Linux was offered on the first generation of netbooks, but as they became popular, Microsoft made Windows XP licenses available for these netbooks, essentially killing off Linux on netbooks. This is unfortunate, because Linux starts up quicker and runs more efficiently on netbooks. OpenOffice, an office suite that is available for free, runs very well on Linux. The only downside is there is no iTunes for Linux, but the bulk of the needs are met through open source and usually free software. The great thing about Linux is that the computer are customizing the operating system for their product. The new HP Mini 1000 just presented at CES with a highly customized interface. We are all use to this with the Macintosh, but also with cell phones. In fact, this is a bit of a return to the days of yore, when computer makers created the box and the software. 

 

What does this mean? The netbook is in evolution. It is somewhere between a laptop and a smartphone. The laptop offers the larger screen, USB ports, and a keyboard. The smartphone offers instant on, extreme portability, omnipresent connectivity, long battery life, and great integration between software and hardware. The netbook is slowly moving toward this end, becoming less a commodity, and more a finely honed tool. 

 

HP MiniNote 2133

HP MiniNote 2133

Do I recommend a netbook? Depends. They are easier to carry than a laptop and offer the ability to work anywhere. My Acer One netbook cost less than $400, and has a battery life of over 6 hours, has a 160gB hard drive, and has Wifi. It runs Windows XP which has its faults, but it runs iTunes, turning my netbook into a large screen iPod where I can watch movies and TV shows. With Skype, I can have video chats with family and friends wherever WiFi is available. What is really neat is cloud computing being embraced by Google, Apple, and others. It moves the work onto the browser, and makes it platform agnostic. The problem is the current generation of netbooks are still just small, slightly slower Windows laptops.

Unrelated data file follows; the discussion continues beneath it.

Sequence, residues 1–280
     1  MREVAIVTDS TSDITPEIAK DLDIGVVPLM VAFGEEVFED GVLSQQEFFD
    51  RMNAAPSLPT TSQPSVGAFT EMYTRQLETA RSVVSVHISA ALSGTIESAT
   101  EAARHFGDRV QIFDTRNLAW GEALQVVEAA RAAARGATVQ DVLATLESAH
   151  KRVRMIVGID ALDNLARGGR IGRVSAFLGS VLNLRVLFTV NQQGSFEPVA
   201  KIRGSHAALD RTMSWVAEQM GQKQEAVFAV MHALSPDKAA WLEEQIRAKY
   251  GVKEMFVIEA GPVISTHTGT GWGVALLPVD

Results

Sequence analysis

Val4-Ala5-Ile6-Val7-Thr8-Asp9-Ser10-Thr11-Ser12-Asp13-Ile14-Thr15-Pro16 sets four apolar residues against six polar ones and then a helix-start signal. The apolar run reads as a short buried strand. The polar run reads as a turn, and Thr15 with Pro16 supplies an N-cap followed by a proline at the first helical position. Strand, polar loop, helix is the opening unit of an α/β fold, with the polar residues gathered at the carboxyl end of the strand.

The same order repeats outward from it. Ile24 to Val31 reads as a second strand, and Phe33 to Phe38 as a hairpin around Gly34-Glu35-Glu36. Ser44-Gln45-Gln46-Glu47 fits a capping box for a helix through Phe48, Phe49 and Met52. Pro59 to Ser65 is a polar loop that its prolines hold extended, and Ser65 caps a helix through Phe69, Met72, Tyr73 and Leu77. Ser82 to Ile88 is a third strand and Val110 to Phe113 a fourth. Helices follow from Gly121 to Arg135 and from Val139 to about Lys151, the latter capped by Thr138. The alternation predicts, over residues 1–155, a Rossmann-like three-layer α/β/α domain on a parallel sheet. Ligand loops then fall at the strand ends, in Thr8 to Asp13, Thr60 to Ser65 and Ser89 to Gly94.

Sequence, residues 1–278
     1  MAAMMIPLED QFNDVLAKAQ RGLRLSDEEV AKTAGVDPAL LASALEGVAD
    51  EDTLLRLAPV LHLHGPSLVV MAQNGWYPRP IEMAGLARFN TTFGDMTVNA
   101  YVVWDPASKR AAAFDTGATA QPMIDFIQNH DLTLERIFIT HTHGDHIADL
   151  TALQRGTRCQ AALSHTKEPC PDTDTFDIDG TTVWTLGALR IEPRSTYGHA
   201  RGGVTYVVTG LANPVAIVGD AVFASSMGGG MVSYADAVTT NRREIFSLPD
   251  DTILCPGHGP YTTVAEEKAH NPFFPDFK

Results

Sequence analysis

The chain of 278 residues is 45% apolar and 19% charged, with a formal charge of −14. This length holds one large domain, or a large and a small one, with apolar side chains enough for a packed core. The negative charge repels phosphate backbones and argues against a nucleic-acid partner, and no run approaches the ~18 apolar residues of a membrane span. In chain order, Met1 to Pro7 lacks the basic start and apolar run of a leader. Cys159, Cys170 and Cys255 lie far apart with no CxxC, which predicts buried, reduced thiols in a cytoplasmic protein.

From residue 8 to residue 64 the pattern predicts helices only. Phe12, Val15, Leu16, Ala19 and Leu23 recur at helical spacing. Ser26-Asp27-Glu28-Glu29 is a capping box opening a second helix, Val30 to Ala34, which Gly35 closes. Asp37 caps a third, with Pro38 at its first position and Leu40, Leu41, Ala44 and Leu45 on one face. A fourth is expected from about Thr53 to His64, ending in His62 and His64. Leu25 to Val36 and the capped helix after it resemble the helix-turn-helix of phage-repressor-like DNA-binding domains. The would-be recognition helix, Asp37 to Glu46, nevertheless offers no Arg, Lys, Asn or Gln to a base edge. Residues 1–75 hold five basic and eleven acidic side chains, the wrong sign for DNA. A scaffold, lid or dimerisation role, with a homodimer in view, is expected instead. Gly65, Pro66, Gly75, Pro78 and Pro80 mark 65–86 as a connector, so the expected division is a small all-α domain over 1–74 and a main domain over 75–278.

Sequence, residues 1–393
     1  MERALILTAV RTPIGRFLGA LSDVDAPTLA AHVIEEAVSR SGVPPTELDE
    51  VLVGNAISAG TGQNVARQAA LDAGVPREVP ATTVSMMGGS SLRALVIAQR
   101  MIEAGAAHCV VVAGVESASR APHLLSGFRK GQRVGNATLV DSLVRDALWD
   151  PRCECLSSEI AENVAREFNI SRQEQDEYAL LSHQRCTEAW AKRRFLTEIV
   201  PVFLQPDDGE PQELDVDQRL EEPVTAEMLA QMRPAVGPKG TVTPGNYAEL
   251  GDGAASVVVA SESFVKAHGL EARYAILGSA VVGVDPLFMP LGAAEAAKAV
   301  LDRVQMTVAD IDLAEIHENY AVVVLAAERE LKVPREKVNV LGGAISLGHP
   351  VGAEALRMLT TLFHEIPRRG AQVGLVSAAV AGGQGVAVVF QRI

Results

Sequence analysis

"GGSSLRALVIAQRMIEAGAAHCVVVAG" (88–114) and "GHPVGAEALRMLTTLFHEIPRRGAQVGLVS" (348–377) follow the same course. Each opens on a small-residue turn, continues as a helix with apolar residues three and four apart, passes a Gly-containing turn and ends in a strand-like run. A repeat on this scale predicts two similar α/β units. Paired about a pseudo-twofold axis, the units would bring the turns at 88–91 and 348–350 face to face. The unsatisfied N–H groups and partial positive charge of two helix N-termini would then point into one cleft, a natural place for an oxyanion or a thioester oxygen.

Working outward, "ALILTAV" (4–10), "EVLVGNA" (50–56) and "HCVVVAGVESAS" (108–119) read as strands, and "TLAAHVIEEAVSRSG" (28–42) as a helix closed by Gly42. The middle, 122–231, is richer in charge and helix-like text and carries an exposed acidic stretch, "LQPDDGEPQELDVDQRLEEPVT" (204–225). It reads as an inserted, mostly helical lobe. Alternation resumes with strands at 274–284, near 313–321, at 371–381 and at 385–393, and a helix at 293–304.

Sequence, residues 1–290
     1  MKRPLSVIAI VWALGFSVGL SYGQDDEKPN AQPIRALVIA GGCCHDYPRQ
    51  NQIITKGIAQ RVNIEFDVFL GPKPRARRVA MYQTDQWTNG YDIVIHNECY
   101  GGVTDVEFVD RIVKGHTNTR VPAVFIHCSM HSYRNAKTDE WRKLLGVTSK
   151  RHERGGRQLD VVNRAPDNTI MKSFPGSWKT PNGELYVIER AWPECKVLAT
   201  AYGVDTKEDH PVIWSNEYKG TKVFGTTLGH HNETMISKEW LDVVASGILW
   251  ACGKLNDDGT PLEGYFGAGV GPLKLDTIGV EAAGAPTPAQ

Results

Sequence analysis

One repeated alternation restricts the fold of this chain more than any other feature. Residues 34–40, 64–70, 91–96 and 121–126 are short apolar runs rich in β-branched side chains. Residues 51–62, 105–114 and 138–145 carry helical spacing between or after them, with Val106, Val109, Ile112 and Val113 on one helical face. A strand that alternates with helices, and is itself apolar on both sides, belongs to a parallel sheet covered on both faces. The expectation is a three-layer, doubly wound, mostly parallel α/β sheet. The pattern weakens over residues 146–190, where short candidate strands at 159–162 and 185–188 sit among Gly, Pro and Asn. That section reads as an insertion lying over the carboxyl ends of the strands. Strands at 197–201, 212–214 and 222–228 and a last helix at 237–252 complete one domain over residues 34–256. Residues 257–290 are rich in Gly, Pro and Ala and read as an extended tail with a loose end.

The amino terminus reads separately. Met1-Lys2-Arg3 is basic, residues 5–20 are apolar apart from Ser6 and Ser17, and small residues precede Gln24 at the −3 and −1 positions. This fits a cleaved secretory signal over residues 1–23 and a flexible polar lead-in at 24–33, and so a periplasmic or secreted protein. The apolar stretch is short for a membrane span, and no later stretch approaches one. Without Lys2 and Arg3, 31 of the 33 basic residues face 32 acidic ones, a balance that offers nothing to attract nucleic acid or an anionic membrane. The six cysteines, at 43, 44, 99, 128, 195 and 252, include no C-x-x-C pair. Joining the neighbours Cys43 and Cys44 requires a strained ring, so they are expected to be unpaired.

The future is the next generation of netbooks which will feature more solid state memory, customized Linux operating systems, and 3G or WiMax high speed internet that is integrated. The solid state memory or SSD (solid state disks) have no moving parts, are fast, and more energy efficient getting you closer to instant on. The customized operating system means that your hardware is more tightly integrated with the software, much like a cellphone. The 3G or WiMax type high speed internet means you can go anywhere untethered from a WiFi network. You can buy netbooks that feature 20Gb SSD’s (solid state disks) with Linux, but these basically disappeared after some muscling in by Microsoft. Windows 7 promises a smaller footprint to be able to run on netbook-like gear, but it completely misses the point. You don’t buy a car from BMW and run it on an engine from GM. You want the software to run seamlessly with the hardware, and this is much more difficult under Windows.

Apple is still digesting this arena. The Newton eMate 300 was an effort by Apple to create an instant on clamshell laptop, but was quickly killed by Steve Jobs upon his return along with the Newton OS and the great Newton 2100. MacBook Air has some netbook features, but fails in it basic concept as another, albeit beautiful, laptop. Ideally, iPhone/iPod Touch would be the platform for it’s netbook, but I don’t see it going that way because of Steve Job’s aversion to buttons. No, this category will be populated by manufacturers looking to capitalize on Apple’s deafness and blindness to this category. BTW, this blog entry was written entirely on my netbook running OpenOffice and uploaded via the Google Chrome browser.